October 23, 2017

Sermon and Song: A Vital Duet

Kurt Woetzel

Does your church have a “good spirit” about it? That question has a measure of Scriptural basis. Christ said, “But the hour cometh, and now is, when the true worshippers shall worship the Father in spirit and in truth” (John 4:23). One of the practical functions and purposes of music in the church is to set the spirit. And that spirit, which can be brought about by the character of the music, must mirror the truth that is being proclaimed from the pulpit.

The body of believers that engages in this kind of duet, truth in word and in sound (music), then experiences a purpose-driven unity that is rare in the Christian community. Agreement on music fosters a temperament for harmony in all aspects of church life. The resulting impact on the overall personality of a body of believers is much greater than we realize or can fully understand. What a marvelous prospect and promise at the end of that verse: “. . . the Father seeketh such to worship him.” It is no wonder that the Lord’s presence is real when the Word is clearly preached and the music matches the Word in dignity, beauty, and message.

Conversely, music that does not match the dignity, beauty, and message of the Word preaches a philosophy contrary to what is declared from the pulpit; this causes confusion and division. When major differences of music philosophy exist in a congregation, tension and disagreement are on the surface at every service. When significant style changes become the norm from one Sunday to the next in order to accommodate equally those who desire a pop sound as well as those who prefer more traditional music, one group is always alienated and even annoyed. Music preferences are boldly and firmly expressed even by those who seldom offer opinions on other matters. If two can’t “walk together” unless they agree (Amos 3:3), how then can they worship together?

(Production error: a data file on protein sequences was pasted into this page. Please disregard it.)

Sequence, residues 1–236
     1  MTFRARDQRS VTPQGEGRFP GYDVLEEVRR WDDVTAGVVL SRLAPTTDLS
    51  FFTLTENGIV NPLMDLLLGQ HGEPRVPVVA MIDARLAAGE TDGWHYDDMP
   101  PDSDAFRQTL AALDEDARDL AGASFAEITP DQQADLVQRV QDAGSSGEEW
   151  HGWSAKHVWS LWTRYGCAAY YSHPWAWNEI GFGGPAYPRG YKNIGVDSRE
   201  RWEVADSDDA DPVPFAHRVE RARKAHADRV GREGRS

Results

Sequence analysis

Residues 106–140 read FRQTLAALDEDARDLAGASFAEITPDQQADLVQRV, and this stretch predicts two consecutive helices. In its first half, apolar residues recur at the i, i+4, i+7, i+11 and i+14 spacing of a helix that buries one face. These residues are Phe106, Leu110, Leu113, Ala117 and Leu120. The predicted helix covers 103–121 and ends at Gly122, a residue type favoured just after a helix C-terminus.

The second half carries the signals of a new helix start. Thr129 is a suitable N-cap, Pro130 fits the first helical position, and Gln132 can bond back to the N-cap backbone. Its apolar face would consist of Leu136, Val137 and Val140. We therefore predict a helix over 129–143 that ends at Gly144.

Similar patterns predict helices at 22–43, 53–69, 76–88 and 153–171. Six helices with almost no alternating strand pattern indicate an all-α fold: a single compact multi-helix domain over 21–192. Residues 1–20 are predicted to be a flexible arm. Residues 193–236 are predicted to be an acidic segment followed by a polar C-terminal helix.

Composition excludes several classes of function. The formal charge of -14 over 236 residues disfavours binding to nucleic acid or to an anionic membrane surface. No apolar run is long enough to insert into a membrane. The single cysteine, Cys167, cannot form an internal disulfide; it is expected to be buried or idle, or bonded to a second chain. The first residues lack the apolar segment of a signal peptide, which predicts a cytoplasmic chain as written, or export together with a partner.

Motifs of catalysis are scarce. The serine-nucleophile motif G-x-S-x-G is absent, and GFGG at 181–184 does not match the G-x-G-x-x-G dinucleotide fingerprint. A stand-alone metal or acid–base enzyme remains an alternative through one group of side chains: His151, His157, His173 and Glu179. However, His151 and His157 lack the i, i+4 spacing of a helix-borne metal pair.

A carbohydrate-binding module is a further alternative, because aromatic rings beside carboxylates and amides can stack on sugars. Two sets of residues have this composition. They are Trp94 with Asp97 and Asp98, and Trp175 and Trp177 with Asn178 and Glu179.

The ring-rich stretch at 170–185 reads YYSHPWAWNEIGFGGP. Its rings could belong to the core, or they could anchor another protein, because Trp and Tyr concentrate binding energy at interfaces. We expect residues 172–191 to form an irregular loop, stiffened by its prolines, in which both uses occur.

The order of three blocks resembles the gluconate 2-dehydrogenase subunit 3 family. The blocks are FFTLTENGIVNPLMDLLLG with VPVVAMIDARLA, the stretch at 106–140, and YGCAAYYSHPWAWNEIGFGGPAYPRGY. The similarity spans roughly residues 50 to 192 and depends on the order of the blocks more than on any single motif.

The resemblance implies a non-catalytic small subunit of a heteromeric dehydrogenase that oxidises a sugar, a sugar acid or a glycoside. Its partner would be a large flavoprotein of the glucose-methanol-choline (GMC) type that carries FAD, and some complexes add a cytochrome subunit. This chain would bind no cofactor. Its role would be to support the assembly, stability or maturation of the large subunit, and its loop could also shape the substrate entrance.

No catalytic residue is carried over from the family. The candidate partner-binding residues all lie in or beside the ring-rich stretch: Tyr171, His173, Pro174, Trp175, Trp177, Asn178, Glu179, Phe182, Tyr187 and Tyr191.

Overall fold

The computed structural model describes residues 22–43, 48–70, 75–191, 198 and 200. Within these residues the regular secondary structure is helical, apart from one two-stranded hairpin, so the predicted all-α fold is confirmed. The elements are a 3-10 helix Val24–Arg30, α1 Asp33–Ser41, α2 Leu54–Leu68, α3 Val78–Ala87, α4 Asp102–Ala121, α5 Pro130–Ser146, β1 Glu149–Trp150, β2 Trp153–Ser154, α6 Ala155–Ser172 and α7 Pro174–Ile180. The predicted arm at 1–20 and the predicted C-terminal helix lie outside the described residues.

Many churches have recognized this problem and offer a “solution” in the form of two distinctly different services within the same church—one service with a traditional sound and another with contemporary music. In the first service, the music is generated by an organ, a piano, perhaps a choir, and is led by a song leader or choir director. The response to this kind of music is primarily cerebral, yet the music also appeals to the spirit and the emotions. The responsibility and direction of this sound are under one leader. In the typical contemporary service the music is produced and led by a worship team with guitars, synthesizers, and an array of drums. This music is group-led, and the response is primarily visceral and emotional.

The sound as well as the leadership model of the two services are as different as the people who attend each service. In essence, from one church emerges two distinct churches. They are unlike not only in sound but also in sensibility. These two ministries, under the same roof, not only disagree in music but also differ enormously in message. The world understands the difference. Many Christians, however, in an effort to attract the world, fail to grasp this great contradiction.

Music in the believer’s life is not intended for physical impact, as the world desires it; rather, it strives for spiritual influence in order that truth in word and sound may render a marvelous duet that proclaims a pure message. May the following verse become reality in our churches as we offer the sacrifice of praise unto the Lord: “I have no greater joy than to hear that my children walk in truth” (3 John 4).


(Originally published in FrontLine • March/April 1999. Click here to subscribe to the magazine.)


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